Mum of disabled toddler tells RTE's Ryan Tubridy of her shock after person leaves note on her car accusing her of having 'fraudulent' disabled badge and reporting her to gardai
A mum of a disabled toddler has told of her shock after somebody accused her of a parking in a disabled spot unnecessarily and threatened to report her to gardai.
Mum Siobhan told RTE Radio One's Ryan Tubridy about the experience on his show earlier today.
Siobhan is mum to Robert (3), who has Cerebral Palsy, Cystic Fibrosis and sensory processing problems.
Siobhan and her husband drove up from their home in Mayo to Dublin on Saturday so that their son could attend a session with an occupational therapist.
Afterwards they drove to a coffee shop near Carrickmines in South Dublin, and parked in a disabled spot there, so they could have their lunch. Robert does not eat orally, and is fed through a tube. The family popped into a coffee shop they use regularly when in Dublin.
When they returned to their car, they found a note on their windscreen which read: "Having a child does not entitle you to use a disabled parking bay. Consider those less able. I have photographed the disabled badge and reporting your fraudulent use of same to gardai."
Siobhan spoke out today in the hope the 'note-leaver' might hear their side of the story, and think twice before leaving such notes again.
She told Ryan their gorgeous little boy had a "stormy neo-natal period" following his premature birth in September 2010. Robert arrived into the world ten weeks early, she said.
"He had as the doctors in Temple Street would describe as a "stormy neo-natal period". We were five months in hospital with Robert. He had a brain haemorrage before he was born and we knew that.
"But two weeks after he was born, he was diagnosed with Cystic Fibrosis.
"He was also diagnosed with Cerebral Palsy at six months of age. And I suppose, again it wasn't a surprise, it was just a term to wrap up in a bow if you like to wrap all of Robert's complications.
"To us, he's Robert. He's our little boy and we love him to bits.
"It's only when I sat down to write the email to you, and that you see on paper his list of diagnoses, you kind of go 'wow - okay, he's got a lot going on'.
"But day to day, to us, he's a three-year-old little monkey who you have to keep your eye on all the time. Who is full of divilment and fun, and so that's how we see Robert.
""He's infectious. Every mum thinks their child is special but Robert is the type of kid who lights up a room when he goes into it. You can't help but be drawn to him."
The family travelled up to Dublin on Saturday.
"We take Robert to an OT (Occupational Therapist) in Stepaside. So we had a session on Saturday and afterwards we gave Robert his lunch. Robert doesn't eat orally. He's fed with a tube. So it's not straightforward - you can't just chuck a sandwich into the back of a car and let him munch away.... it's a little more complex than that."
They pulled into a parking facility in Carrickmines.
"We went into a coffee shop there that we've been to before plenty of times because it's got good access for his buggy and it's a nice quiet place.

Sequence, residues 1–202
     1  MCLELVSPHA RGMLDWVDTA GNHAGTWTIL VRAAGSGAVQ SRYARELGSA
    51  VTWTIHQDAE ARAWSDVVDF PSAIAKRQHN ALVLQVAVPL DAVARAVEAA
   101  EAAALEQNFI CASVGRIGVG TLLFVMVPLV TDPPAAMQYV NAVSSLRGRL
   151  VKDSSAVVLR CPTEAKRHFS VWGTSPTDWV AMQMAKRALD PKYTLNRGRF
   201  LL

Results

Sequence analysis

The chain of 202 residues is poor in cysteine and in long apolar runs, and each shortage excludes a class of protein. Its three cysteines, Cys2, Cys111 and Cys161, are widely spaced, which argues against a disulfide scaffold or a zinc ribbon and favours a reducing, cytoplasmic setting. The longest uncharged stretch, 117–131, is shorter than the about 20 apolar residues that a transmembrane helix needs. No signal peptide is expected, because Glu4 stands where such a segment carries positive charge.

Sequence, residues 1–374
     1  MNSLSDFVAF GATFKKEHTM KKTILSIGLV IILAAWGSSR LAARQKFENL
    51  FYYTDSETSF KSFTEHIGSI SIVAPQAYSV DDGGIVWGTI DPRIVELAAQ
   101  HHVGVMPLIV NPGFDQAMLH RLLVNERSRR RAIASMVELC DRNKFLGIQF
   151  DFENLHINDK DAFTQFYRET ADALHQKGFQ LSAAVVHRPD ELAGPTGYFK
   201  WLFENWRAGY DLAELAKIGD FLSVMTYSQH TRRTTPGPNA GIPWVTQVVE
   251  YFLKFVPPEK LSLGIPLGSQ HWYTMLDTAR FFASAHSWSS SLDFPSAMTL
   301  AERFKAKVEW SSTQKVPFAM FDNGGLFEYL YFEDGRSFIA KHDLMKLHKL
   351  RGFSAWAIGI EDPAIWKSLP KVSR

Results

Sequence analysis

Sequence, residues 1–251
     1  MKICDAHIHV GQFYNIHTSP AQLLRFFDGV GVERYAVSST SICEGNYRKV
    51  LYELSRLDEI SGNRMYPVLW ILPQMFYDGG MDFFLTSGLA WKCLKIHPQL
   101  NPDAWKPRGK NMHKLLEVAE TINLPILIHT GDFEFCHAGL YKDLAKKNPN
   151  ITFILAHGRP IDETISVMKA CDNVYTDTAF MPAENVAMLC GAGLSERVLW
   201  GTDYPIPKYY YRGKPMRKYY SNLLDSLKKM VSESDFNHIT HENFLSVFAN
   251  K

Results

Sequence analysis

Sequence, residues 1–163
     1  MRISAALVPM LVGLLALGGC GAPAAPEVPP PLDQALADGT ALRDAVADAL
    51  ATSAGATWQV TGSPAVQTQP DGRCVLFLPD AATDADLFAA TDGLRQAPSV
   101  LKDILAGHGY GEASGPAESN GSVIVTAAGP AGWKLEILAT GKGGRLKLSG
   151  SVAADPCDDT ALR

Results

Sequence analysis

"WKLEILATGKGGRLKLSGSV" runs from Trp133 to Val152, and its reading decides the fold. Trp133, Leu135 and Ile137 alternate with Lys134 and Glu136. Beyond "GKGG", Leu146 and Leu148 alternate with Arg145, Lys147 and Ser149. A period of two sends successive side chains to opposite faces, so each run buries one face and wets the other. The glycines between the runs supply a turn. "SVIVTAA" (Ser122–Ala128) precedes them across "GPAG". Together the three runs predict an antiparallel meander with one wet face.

"Robert has sensory processing problems so noisy environments can sometimes freak him out and he can react badly. We kind of pick and choose where we bring him, especially for his lunch.
"So we parked up in a disability spot and Robert has been assessed for a disability badge and has received a disability badge. So we use that on the basis when he's in the car with us to try, and you know, make it easier taking him in and out of the car. He has to be lifted out of the car and lifted back into the car
"We came back to the car and someone had left a note on our car window. The note read: "Having a child does not entitle you to use a disabled parking bay. Consider those less able. I have photographed the disabled badge and reporting your fraudulent use of same to gardai."
"It was written on a compliment slip.
"It was stuck on the driver's window," she said.
Siobhan's husband read the note first before scrunching it up, telling his wife not to worry about it.
"So I got the note and I read it and I'm just so shocked."
Siobhan said there was a parking attendant near by. The family went over and explained the situation. The attendant said they had nothing to worry about and they were entitled to park there.
Siobhan said she decided to contact Tubridy about the note on a point of principle.
""It's not just adults who have disabilities. It's not just drivers. Children have disabilities too. You know, they're not always obvious, but they're there. People don't get those badges in the local newsagents. You can't just pick them up like a postcard. You go through a rigorous process.
"What was really hurtful for us was.... the intent. They got a compliments slip and took the heading off it the top so you couldn't track them down. And so that intent is just shocking to me.
""We kind of felt attacked in a way. The person had obviously seen us pick Robert out of the car and walk away from our car and made a judgment.
"If they had the gumption to come up and ask us 'what are you doing', we would have explained the situation to them. We don't hide Robert's disabilities.
"We're just so delighted to have him with us because we had lost him so many times while he was in Temple Street. We had given up counting the amount of times he had to be resuscitated.
"Robert kept having respiratory arrests when he was in Temple Street," she explained.
"We stopped counting at about the sixth time when it happened.
"It really has [got under my skin]. We felt judged. We felt Robert had been judged. That's not a nice feeling. He's a little boy.
"Maybe the person might hear this and see the other side of the story and might think twice in the future."